As shown by Matino et al. [20], besides the shredded scrap, an important role in decreasing EEC is also played by high-quality scraps, such as sheet metal. The study revealed that significant decrease in EEC and a higher metallic yield can be achieved when using higher quality scrap, as a consequence of easier melting, better chemical balance, and improved slag foaming. Similar observations were also obtained by Haupt et al. [21], quantifying electrical demand between lower and higher quality scraps, where the difference in estimated electricity demand between them can reach up to 38%. The effect of scrap mix and its optimization in terms of EEC was studied also by Sandberg [22]. A different study, examining the effect of the added chemical energy to EEC was performed by Pesamosca and Patrizio [23]. As has been shown, the relation between the added chemical energy and the change in EEC in non-linear, meaning that a linear increase in added chemical energy does not mean linear decrease in the EEC or other key performance indicators (KPIs) of the EAF.

As can be derived from these studies, the impact of charged scrap or added chemical energy is evident; however, it is hard to accurately determine and explain the differences in EECs between similarly charged heats. Consequently, exact prediction of the endpoint EEC per ton of steel is difficult due to numerous reasons, such as statistical approach (neglecting dynamic process properties), non-linear relations between influential factors and EEC, and due to the differences in installed EAF technology. Nonetheless, a good use of statistical methodology can be made to obtain a list of factors, which have a significant influence on the EAF’s EEC, and determine their approximate influence on the EEC in percent (%). In our opinion, besides all the previously mentioned factors, the ratio between the injected carbon and lanced oxygen also plays an important role in the overall EAF EEC and needs to be properly balanced in order not to worsen the EAF’s KPIs.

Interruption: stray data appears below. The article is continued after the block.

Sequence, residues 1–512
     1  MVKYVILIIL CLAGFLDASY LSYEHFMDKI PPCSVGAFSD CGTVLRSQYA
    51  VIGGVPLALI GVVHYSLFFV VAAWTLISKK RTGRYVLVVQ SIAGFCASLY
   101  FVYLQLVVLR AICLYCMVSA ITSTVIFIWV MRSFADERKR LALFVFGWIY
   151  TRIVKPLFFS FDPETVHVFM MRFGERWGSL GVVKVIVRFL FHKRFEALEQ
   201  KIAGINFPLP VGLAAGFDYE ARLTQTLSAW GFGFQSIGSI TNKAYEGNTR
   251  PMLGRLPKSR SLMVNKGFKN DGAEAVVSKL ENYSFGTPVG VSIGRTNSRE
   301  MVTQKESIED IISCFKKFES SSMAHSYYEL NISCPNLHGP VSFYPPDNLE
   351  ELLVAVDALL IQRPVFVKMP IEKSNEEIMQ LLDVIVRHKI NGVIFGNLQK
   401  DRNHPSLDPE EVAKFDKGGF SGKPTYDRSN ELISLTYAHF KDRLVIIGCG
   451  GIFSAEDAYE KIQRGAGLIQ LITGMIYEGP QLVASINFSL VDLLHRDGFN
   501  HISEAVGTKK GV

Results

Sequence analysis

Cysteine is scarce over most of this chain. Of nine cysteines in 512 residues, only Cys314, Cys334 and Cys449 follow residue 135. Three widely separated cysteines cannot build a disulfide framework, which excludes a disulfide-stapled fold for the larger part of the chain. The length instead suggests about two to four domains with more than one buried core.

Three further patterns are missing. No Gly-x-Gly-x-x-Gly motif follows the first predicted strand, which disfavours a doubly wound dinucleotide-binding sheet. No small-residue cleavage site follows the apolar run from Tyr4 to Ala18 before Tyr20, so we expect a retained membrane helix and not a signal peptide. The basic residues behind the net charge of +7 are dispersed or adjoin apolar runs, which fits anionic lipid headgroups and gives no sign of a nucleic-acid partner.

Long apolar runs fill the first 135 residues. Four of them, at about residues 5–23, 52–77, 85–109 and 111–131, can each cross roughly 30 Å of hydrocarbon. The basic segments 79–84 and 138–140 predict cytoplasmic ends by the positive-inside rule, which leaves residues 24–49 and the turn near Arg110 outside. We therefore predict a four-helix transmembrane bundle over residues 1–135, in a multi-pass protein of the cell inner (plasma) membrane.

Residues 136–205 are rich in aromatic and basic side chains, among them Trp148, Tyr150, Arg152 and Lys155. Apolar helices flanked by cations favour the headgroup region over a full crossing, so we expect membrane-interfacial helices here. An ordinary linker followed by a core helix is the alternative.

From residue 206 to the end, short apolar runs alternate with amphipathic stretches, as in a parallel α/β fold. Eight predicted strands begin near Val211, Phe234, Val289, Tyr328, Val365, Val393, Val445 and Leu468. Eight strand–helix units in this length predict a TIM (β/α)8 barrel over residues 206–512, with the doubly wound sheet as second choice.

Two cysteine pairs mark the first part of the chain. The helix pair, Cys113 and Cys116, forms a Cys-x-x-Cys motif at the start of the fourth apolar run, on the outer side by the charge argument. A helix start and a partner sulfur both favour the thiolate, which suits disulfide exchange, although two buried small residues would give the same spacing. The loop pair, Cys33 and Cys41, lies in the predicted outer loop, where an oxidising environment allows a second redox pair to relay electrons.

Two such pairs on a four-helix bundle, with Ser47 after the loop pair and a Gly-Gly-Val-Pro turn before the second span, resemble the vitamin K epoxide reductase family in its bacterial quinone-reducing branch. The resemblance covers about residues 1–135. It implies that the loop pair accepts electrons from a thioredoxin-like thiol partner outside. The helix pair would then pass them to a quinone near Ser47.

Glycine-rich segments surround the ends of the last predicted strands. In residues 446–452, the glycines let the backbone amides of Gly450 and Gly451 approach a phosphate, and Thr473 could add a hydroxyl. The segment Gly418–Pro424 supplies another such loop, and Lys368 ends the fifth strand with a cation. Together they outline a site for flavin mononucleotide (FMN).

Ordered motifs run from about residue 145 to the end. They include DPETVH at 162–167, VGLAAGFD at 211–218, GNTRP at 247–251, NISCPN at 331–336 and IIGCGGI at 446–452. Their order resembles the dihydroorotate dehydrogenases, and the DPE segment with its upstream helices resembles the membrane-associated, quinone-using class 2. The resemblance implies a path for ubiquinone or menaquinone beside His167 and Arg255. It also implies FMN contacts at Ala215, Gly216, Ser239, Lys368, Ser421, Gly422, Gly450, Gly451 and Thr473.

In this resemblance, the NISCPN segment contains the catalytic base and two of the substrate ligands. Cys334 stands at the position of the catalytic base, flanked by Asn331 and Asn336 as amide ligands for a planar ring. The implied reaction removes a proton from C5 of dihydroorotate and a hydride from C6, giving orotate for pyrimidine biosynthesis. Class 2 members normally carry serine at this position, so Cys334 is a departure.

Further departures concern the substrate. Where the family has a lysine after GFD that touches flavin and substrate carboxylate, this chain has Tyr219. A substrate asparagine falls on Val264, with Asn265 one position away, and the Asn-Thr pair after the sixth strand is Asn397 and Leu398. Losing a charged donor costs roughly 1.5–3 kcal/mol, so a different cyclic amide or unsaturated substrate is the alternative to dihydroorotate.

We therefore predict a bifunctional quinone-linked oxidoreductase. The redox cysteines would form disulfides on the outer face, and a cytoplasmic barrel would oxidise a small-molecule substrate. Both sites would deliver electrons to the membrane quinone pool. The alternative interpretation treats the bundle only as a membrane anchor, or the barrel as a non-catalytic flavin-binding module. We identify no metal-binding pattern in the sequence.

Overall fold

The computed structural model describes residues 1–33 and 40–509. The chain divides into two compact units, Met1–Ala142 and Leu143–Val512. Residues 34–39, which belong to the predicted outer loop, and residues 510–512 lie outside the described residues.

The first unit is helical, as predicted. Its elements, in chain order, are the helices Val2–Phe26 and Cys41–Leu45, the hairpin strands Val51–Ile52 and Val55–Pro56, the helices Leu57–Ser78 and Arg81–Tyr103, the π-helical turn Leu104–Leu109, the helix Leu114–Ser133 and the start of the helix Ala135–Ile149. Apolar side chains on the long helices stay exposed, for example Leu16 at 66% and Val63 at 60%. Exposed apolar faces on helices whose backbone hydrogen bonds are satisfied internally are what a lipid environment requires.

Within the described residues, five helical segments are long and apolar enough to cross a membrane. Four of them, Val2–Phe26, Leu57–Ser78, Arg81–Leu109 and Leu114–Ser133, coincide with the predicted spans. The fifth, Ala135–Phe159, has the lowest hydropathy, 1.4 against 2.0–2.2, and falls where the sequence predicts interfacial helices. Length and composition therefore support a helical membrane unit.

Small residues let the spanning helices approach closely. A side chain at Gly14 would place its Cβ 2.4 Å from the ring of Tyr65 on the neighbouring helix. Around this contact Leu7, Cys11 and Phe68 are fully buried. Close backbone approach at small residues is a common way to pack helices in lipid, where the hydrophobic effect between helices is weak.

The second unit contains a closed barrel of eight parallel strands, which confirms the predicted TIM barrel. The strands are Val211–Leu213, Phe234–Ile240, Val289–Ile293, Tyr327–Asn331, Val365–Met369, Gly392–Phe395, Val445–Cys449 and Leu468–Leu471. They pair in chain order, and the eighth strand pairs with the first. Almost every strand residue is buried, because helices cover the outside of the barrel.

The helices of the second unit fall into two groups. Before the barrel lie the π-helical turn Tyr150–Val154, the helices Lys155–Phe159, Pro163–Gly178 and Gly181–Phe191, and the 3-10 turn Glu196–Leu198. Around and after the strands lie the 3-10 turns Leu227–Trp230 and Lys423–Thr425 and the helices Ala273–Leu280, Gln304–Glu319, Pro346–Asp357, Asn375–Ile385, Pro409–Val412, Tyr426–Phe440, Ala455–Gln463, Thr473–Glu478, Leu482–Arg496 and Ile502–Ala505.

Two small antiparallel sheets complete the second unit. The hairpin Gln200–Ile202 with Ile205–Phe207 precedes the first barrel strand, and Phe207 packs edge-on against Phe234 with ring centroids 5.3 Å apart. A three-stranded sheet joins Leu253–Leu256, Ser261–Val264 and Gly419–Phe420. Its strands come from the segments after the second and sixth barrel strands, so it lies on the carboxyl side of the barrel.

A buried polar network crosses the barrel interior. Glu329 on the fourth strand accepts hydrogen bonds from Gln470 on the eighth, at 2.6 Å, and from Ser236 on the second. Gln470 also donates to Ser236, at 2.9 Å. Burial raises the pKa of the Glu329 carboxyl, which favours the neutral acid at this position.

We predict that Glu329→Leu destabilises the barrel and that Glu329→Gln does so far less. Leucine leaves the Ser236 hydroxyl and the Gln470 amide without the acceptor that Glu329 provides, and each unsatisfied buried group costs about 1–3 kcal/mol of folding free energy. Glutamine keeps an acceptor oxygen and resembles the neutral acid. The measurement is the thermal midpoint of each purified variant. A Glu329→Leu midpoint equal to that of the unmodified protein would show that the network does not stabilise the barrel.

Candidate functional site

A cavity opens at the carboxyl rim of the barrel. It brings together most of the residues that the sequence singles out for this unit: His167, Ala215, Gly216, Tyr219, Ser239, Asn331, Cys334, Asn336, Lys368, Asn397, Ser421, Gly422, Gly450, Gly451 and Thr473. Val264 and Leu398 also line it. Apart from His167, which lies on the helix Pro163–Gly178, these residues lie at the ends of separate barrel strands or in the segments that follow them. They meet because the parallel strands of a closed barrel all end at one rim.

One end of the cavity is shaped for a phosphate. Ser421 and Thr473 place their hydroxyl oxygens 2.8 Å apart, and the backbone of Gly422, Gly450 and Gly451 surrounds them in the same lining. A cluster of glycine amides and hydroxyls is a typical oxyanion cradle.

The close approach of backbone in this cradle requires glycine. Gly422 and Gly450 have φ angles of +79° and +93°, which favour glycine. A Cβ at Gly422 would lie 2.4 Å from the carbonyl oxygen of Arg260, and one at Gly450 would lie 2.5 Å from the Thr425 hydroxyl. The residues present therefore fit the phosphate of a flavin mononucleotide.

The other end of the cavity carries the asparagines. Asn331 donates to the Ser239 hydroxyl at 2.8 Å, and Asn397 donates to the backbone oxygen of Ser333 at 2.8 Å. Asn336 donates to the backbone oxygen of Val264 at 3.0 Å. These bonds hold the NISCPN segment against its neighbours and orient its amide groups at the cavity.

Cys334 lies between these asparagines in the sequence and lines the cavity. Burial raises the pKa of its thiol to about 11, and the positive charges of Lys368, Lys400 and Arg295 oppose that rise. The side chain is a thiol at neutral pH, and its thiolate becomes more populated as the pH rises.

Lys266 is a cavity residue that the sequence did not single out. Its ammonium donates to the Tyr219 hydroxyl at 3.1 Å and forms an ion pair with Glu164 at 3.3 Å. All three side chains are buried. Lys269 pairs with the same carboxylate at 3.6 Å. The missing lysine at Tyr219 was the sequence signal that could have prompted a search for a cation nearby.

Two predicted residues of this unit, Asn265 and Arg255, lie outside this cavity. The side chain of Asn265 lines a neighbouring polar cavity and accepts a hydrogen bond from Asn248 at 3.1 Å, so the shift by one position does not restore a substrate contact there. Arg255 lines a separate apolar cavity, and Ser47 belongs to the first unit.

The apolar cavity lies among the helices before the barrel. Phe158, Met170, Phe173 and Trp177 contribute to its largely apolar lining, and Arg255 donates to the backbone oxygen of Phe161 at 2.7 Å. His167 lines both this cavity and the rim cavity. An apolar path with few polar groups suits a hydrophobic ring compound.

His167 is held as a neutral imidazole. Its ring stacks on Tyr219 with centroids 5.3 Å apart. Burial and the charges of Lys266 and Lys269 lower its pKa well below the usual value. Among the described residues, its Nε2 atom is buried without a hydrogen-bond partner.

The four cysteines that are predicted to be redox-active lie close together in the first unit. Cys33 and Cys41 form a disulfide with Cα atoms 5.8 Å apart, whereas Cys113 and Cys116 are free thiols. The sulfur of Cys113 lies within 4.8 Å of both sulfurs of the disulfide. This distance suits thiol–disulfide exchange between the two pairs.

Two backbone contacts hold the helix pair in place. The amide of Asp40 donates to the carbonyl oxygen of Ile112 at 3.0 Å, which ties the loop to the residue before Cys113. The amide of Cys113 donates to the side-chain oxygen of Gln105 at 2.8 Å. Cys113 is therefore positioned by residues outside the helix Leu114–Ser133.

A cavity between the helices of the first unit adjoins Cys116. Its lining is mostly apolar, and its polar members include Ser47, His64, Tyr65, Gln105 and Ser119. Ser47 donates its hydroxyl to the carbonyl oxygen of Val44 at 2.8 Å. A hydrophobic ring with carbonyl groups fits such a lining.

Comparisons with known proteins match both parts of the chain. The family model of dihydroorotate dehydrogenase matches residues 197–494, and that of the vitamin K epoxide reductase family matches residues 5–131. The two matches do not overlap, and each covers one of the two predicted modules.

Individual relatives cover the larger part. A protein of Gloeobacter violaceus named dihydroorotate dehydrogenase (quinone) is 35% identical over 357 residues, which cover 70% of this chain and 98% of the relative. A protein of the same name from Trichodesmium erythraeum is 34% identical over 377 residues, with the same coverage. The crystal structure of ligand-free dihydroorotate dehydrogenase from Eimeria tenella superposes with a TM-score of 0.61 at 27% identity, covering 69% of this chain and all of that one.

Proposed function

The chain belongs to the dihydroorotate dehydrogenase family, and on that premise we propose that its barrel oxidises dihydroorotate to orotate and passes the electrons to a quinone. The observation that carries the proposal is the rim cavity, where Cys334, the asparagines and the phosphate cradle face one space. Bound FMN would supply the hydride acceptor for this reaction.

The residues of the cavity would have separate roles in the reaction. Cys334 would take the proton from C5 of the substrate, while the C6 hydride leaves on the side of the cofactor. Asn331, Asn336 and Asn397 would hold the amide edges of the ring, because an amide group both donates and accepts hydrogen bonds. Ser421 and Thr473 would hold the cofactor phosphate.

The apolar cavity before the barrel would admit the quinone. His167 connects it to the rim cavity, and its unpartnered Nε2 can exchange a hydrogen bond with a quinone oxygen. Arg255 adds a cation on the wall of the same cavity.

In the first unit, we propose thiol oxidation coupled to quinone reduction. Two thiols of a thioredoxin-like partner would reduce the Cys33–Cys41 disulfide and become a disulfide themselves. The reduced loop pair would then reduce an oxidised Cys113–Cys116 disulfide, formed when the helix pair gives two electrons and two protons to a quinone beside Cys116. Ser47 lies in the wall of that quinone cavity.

Thus, the paper examines the effects of charged scrap types, scrap weight, tapping temperature, operational delays, and the amounts of injected carbon and lanced oxygen, to the EAF’s EEC. As presented in the literature review, some of the factors have already been studied but are analyzed also in this paper to confirm or rule out their relation to the EEC. Furthermore, the paper also addresses a more in-depth analysis of the fluctuations in EECs, which occur among similarly charged heats, which are intended to produce equal steel grades and have the same tapping-temperature intervals. In this respect, a more detailed analysis of the ratio between added carbon and oxygen is performed to check whether any obvious relations between EECs, carbon addition, and oxygen lancing can be found.

The aim of the study is twofold, first to determine the list of influential factors, affecting the EAFs EEC, and second, to propose a relatively simple methodology based on statistical data manipulation and clustering that can be used to obtain some guidelines in the EAFs efficiency in terms of EEC prior to processing a certain heat, and/or to determine a more optimal charging patterns and EAF actuation.